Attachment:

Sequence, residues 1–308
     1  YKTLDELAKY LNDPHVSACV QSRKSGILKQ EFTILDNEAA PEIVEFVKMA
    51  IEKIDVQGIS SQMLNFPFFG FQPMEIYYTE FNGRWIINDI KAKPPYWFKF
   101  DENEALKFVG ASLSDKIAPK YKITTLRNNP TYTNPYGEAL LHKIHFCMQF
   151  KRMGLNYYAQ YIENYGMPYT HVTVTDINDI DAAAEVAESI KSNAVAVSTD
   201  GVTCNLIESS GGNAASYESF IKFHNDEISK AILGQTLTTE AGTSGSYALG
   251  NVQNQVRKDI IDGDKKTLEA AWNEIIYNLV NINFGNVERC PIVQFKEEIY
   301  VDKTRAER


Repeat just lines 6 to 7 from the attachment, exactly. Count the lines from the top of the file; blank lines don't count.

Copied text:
   201  GVTCNLIESS GGNAASYESF IKFHNDEISK AILGQTLTTE AGTSGSYALG
   251  NVQNQVRKDI IDGDKKTLEA AWNEIIYNLV NINFGNVERC PIVQFKEEIY